He ended his speech by saying that he came home to hate speech, being spat upon and called a baby killer. But the day before the Veterans' Day speech he was driving to his work when he passed an old man on his tractor. The old man looked at my husband, then looked down at the Purple Heart on his Texas license plate. He looked back up at him and saluted. My husband said.... "That was all I needed to welcome me home some 35 years later."
There is a website established for folks to check someone's military service. Finding so many imposters a Vietnam Veteran established the site. While I am unsure of the site's name I am sure TAS could provide it.
-- Bev Gunn
East Texas Rancher
ENIVRONMENTALLY SOUND EATING
Re: Michael Fumento's Obesity Is Contagious:
I don't understand all of this negativity about obesity. Triglycerides are about 2/3 carbon and that should make my carbon gut print worth something in the war on global warming. I'm talking tax write off with long term storage fees to boot. Tax the bony!
If I went on a diet, farmers would grow less and the carbon dioxide would rise even faster. We should shut down every gym in North America to prevent the conversion of fat to carbon Dioxide. Cremation should be stopped immediately. They ought to pay me not to exercise to save the planet.
If you figure ten pounds on 300 million people each that is 1.36 million metric tons of Carbon sequestration and not a tax dollar spent.
-- Danny L. Newton
A SNOWMAN'S CHANCE IN HELL
Re: Lisa Fabrizio's Small Talk:
Lisa reminds me that, as far as the election is concerned, we should think more about the character of each candidate rather than on which candidate can be more 'hip'. I think the YouTube debates are a neat idea but if the first one is any indication I they seem to be a waste of time. We are trying to elect the next commander in chief of the largest military force in the world and the highest office of the most powerful economic force that has ever existed. This is no place for snowmen. Let us find our answers with dignity.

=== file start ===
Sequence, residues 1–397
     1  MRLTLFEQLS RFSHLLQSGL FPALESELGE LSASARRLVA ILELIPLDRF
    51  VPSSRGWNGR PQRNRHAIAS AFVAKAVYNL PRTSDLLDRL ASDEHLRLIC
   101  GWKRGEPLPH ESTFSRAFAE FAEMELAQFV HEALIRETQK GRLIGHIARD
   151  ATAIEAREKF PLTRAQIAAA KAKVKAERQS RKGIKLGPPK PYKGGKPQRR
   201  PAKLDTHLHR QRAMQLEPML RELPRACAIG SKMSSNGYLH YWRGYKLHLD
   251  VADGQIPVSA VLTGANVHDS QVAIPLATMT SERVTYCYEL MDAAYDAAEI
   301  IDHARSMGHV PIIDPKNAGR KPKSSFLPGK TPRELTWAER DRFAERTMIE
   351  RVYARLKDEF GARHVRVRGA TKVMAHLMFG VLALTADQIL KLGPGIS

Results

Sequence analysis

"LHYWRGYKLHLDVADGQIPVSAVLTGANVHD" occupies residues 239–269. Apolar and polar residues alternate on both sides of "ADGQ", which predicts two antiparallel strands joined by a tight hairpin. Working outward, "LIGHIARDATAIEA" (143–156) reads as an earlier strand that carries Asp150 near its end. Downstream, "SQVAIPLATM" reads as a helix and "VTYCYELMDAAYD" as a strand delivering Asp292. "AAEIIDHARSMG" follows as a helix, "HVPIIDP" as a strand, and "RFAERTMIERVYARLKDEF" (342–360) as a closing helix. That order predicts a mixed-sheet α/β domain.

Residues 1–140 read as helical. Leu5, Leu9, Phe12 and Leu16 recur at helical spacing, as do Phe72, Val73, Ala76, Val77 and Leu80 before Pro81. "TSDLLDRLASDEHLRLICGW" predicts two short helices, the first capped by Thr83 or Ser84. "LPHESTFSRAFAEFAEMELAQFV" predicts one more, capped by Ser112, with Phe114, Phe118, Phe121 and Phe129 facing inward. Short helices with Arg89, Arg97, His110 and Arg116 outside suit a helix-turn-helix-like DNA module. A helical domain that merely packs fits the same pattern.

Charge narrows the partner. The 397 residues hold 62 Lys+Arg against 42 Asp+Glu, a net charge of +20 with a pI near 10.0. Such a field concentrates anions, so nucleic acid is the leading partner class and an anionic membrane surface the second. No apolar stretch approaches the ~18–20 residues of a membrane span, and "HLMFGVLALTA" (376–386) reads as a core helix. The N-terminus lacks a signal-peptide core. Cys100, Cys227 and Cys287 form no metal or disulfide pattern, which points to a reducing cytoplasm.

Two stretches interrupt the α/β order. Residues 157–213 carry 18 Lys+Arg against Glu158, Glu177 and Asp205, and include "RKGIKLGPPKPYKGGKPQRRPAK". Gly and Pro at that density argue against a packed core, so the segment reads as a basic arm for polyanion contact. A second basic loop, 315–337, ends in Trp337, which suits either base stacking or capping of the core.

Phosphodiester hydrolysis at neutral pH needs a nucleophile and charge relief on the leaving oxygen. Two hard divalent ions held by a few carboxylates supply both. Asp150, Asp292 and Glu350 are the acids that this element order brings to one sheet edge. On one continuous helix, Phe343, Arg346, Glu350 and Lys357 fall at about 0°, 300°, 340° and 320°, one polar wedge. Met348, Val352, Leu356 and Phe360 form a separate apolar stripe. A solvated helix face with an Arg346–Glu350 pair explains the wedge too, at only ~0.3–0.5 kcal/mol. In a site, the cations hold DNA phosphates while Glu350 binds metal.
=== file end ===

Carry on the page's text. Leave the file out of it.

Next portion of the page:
-- Adam Jones
Lisa Fabrizio is right on about the young voters the Democrats are always threatening us with, but who never seem to find their way to the polls. I'm not looking for them to show up this time around either.
If young people are so interested in the commonweal, how come the biggest advertiser on news and public affairs programs is Cialis?
-- Larry Thornberry
Re: James Bowman's review of No Reservations:
"Remakes," be they in film or any other form of art, or what the old abbot in Umberto Eco's The Name of the Rose calls, "sublime recapitulation," in my view is a sign of a degenerate culture, bereft of any new ideas or any originality. They never measure up to the original. The closest historical parallel would be Rome following the Silver Age. The worse is in children's entertainment, in which (cry) baby boomers in the business are foisting on today's children remakes of standbys from the time in which we were growing up in the '50s and '60's, particularly in an animated form. It's all trash.
My shadow rarely darkens the doors of a cinema -- I prefer the originals and classics and my DVD collection reflects it.
-- D. Moroco
Colonel, USMCR (Ret.)
THE LEFT SIDE OF TOWN
Re: Bill Croke's Melvin's Marvelous Moonbat Hour:
Please add Santa Fe, New Mexico to Moonbatville.
Actually, the "fairness doctrine" would be quite a change in Santa Fe which is a one newspaper city where the letters to the editor section are always worth a good laugh. The paper's headline writers must have majored in Moonbatism.
There are plenty of showcase million dollar homes. Heck, $200,000 homes are classed as "affordable." A "living hourly wage" of $9.50 has been mandated and consideration of an annual and automatic "cost of living" increase will soon be considered by the city fathers and mothers.
Santa Fe is a "sanctuary city" and, by golly, is damn proud of it.
The list of Santa Fe's Moonbatisms is way too long for this letter.
Oh well, Santa Fe's high school graduation rate is approximately 50%, but never mind, there will be lots of jobs in the government and drug sectors.
-- Nelson Ward
Cowles, New Mexico
Yeah, "lefty-talk" radio is alive and well...if only at taxpayer's expense.
-- P. Aaron Jones
Huntington Woods, Michigan